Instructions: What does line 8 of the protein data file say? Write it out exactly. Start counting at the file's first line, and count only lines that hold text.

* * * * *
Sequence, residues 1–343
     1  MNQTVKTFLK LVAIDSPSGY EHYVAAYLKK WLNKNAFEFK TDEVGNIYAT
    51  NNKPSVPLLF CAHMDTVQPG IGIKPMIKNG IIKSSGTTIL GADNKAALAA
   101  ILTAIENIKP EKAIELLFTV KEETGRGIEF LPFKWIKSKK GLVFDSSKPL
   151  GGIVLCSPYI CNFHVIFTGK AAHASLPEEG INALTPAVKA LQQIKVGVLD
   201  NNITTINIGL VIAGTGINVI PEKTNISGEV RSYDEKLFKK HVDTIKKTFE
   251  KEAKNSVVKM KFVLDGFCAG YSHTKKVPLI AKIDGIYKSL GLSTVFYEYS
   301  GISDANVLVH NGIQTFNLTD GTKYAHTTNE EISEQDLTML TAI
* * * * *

   301  GISDANVLVH NGIQTFNLTD GTKYAHTTNE EISEQDLTML TAI